Monday, May 23, 2011

The Power of Humor





When I was a guidance counselor in a yuppie, white suburb of Yakima, Washington,I desperately needed a change. I’d had my fill of smothers, women who reacted to their whiny offspring’s complaints by ringing me up and making loud demands. “You need to change Jeremy’s English class. Mr. Mean Teacher doesn’t understand him. He actually expects Jeremy to have a No. 2 pencil with him at all times! And, oh, by the way, do you have any scholarships available? Just mail the forms to me where I work.”

I’d bite my tongue when I really wanted to say,  “Think about it! Maybe  Mr. Mean Teacher wants Jeremy to stop screwing around and actually learn something. And, hey, Jeremy’s smother – I know you’ll be writing the essay required on scholarship application.”

After considerable thought and a good many misgivings, I left the smothers behind and moved on. Into a new world. My new world was a scant eighteen miles from the old but in terms of language, culture and customs, I might as well have been on the moon. I’d been hired as the first ever counselor at an alternative school located on the Yakima Indian Reservation, a public school serving Native Americans, migrant students, gang bangers, discouraged learners and petty criminals. No problem. I was up to the challenge. Watch out, kids, I’m here to fix you!

I bounded through the door and set up shop, ready to capture the hearts and minds of this challenging clientele with my magnetic smile and winning ways. All they needed was somebody who cared. Right? Wrong. My surly students made no effort to hide their disdain. Daily, I heard, “Who’s the skinny white woman? Oh, she’s the new counselor. Yeah, Bro, she’s going to counsel us eh?” (I have to admit, part of me liked the “skinny” comment because I was considered a real porker in anorexia land. Amazing what a few miles can do.) However, it soon became obvious the very students I was hired to help regarded me with suspicion and distrust.

I backed off. How could I reach these kids? While I pondered this question, I decorated my tiny hole-in-the-wall office with Far Side cartoons. A big fan of Gary Larson’s quirky, off-the-wall humor, I had all of his books lined up in my bookcase. So what if I didn’t have any students to counsel! I had talking cows, dorky scientists and tether-cat.

It’s been a while but I still remember the first kid who came to my office. His name was Kevin. (Months later, he told me he’d been bored and  wanted to get out of class.) He was a big kid, Native American and tough as nails. He came through the door silently, walked to the bulletin board and started reading the Far Side cartoons I’d posted. I stifled my usual chirpy greeting, “Hi, I’m Marilee.” ( The use of first names was encouraged to make the staff more accessible to the students. HA!) I waited. He started to chuckle, helped himself to a Far Side book and settled in for the duration. Kevin was the first. Soon, I had a steady stream of students popping in to read the Far Side. Though it was against my pro-active nature, I bided my time. And then it happened. One day, a former gang banger shut the door and said, “Can I talk to you? In private?”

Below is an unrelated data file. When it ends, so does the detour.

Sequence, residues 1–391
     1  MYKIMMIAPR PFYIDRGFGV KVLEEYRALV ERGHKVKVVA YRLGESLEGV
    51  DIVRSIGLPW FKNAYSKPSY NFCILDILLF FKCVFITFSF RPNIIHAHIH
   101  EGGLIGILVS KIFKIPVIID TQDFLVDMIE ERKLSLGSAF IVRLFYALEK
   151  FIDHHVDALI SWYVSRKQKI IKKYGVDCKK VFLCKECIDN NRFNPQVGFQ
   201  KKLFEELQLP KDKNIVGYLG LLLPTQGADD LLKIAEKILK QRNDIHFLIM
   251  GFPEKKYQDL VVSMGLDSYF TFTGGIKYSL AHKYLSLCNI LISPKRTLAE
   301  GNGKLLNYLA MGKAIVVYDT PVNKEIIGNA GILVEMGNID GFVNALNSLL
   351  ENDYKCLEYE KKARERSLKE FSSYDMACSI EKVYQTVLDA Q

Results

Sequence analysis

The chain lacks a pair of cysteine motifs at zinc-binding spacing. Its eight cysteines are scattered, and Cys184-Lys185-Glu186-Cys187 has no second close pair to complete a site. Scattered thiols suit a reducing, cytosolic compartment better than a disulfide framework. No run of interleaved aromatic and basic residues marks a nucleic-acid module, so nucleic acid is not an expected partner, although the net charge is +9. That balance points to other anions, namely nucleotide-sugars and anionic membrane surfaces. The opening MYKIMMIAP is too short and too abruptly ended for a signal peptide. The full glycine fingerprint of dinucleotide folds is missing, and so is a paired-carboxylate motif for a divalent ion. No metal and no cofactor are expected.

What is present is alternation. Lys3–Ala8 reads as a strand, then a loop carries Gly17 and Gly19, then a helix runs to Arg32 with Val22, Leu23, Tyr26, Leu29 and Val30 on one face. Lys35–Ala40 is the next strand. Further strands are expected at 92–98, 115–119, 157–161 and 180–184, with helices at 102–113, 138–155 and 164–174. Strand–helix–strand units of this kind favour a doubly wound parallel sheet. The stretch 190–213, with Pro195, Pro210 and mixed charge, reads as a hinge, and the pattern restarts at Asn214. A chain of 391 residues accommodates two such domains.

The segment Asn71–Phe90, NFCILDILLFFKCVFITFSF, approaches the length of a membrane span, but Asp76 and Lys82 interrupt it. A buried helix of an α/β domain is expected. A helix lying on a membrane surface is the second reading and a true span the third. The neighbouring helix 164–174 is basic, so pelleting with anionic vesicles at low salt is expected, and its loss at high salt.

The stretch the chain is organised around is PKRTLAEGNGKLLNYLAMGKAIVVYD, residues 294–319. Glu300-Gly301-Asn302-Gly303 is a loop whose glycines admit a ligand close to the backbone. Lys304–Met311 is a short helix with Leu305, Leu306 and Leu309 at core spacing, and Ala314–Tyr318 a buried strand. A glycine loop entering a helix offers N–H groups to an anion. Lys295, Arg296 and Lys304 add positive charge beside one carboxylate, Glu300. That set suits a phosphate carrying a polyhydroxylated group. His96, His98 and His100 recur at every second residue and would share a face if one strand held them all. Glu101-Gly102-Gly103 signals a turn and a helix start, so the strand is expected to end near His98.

My students at this tough alternative school taught me more in two weeks than I’d learned in my prior twenty-two year career. Here’s what I learned:
1. Shared laughter can work miracles
2. Patience is a learned virtue.
3, Trust has to be earned.
4. “To everything, there is a season.”

So, what does my moment of ignominious glory have to do with writing? Read the last four sentences. How can we apply these principles to our writing? When I started my first book—I should say one of the many times I started my first book—I had the most dreadful, dark and dreary plot one could imagine. I could barely drag myself to the computer each day. When my output dwindled to nada, I finally realized I was fighting my nature and consequently hated what I was doing. I came up with a new recipe. Add a dash of magic, sprinkle it with humor and see what rises to the top. I started to have fun, found my voice and completed my first book. Along the way, I learned a valuable lesson.  As writers, as human beings, we all have to be true to our natures. When we aren’t, we’re fighting a losing battle that manifests itself in stress-related illnesses and depression as well as incredibly bad writing.

Humor is almost impossible to define because it different for each of us. Some of my students (mostly of the female pursuasion) thought The Far Side was the stupidest thing ever. What makes you laugh? Figure it out, distill it down to its essence and add it to your daily output of words. And, don't forget to laugh! A belly laugh a day adds years to your life. Would I lie to you? 




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